26 Jan 2022

Why zero waste and a circular economy go hand-in-hand


In our current traditional linear economy, we take natural resources from the planet, turn them into products, ship them all over the world, and eventually dispose of these as waste into landfills, incinerators or even the environment. This “take-make-waste” pattern is detrimental to our climate, and ultimately, people and our Mother Earth.

For these reasons, the EU adopted an action plan for a Circular Economy in 2015 to break the pattern and move to a society where waste is eliminated, resources are recirculated, and nature is regenerated. Find out why zero waste is an essential step in achieving circularity and why many cities already have adopted this approach.

What exactly is a circular economy?

In a circular economy, it is implied that waste will itself become a resource, consequently minimizing the actual amount of waste we produce. The European Parliament describes it as: “A production and consumption model which involves reusing, repairing, refurbishing and recycling existing materials and products to keep materials within the economy wherever possible.”

The European Union adopted circularity as their critical guiding principle to improve resource management, industrial growth, and sustainable consumption and production. It’s based on four principles:

  1. Modifying production and consumption habits
  2. Improving waste management
  3. Enabling the secondary raw material market
  4. Stimulating the economy and creating jobs

In other words, it is possible to simultaneously combat climate change and biodiversity loss in a circular economy and meet critical social needs. It allows us to increase prosperity, jobs, and resilience while reducing greenhouse gas emissions, waste, and pollution.

Why zero waste is an essential step in the journey towards a circular economy

Even though the EU is moving towards being a “Resource Efficient Europe”, there are still a lot of challenges to overcome. According to research, the EU has achieved only 12% circularity, which means 88% of used resources aren’t yet recovered after use. Globally, we are only 8.6% circular, according to the 2020 Circularity Gap Report.

Among the challenges faced, the most pressing question is how to implement it on the ground. As it turns out, zero waste offers an answer for transforming the circular economy narrative into practical solutions. With over 400 municipalities committed to zero waste strategies across Europe, it is already proving to be the perfect embodiment of circularity at the local level.

Setting standards for waste management and recycling systems

Recycling and waste management are essential components of any circular economy. Recent amendments to the EU waste legislation has led to targets and recommendations for waste management and recycling. These include extending separate collection requirements to other waste streams, like biowaste by the end of 2023, textiles by the end of 2024, and adopting waste prevention plans.

The objectives are the same for all 27 member states of the EU. However, it’s still up to local governments to observe and address their consequences and obligations. Responsibility for implementation sits on the shoulders of cities and municipalities, given that this is where waste management competency is often needed.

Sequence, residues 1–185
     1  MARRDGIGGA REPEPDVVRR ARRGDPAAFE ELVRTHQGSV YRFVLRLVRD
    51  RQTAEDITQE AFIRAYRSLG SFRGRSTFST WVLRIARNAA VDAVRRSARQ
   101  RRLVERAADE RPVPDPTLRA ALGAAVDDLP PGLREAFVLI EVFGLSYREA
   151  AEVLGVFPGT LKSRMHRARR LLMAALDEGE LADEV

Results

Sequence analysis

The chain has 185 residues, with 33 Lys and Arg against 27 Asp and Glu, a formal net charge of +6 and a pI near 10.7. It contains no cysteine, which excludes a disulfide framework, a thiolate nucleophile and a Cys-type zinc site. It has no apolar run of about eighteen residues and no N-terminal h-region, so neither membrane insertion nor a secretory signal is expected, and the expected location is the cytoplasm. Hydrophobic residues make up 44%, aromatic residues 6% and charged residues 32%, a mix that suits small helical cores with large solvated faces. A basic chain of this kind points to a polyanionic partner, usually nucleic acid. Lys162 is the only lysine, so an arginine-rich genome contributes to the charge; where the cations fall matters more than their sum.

Zero waste drives action beyond compliance 

The growing number of zero waste cities in Europe is proof these European obligations and targets are not just attainable but can be exceeded. Not only concerning waste prevention policies, but also by increasing recycling capacities, and promoting sustainable and decent waste treatment systems, resulting in a reduction of the so-called “take-make-waste” pattern.

The key is to make both prevention and reuse the new normal, by analyzing waste streams and redesigning products, in addition to increasing the efficiency of collection and recycling. Making things last longer and creating packaging that can be refilled and reused makes environmental and common sense.

Additionally, across Europe, cities with zero waste plans have seen increases in separate waste collection rates and a decrease in the level of residual waste generated by residents. They achieve good results in many important circular economy aspects, such as reuse centres and community composting. Therefore, zero waste cities are not only ensuring compliance with European Union legislation, but they are going far beyond this.

Become a Zero Waste Certified City though MiZA

To create real impact, we must transform every aspect of the take-make-waste system: how we manage resources, how we create and use products, and what we do with them afterwards. Only then can we realize a circular economy that benefits everyone within the limits of our planet.

If you would like more information and support in your journey towards zero waste, consider becoming zero waste certified through MiZA. This independent, third party assessed certification standard had been designed to:

  • help municipalities to comply (and go beyond) with EU and national regulations;
  • promote the implementation of efficient systems which save natural and economic resources, as well as
  • reinforce the positive image of the municipality, which will gain worldwide recognition and credibility. This in turn results in job creation, funding opportunities, economic incentives, and prestigious event hosting attraction.

Through its online training platform and the support of a network of local zero waste experts, MiZA offers a supportive package to help you in your zero waste and circular economy implementation at the municipal level.

This article is based upon Zero Waste Europe’s guide, ‘Creating a methodology for zero waste municipalities.

Scroll to Top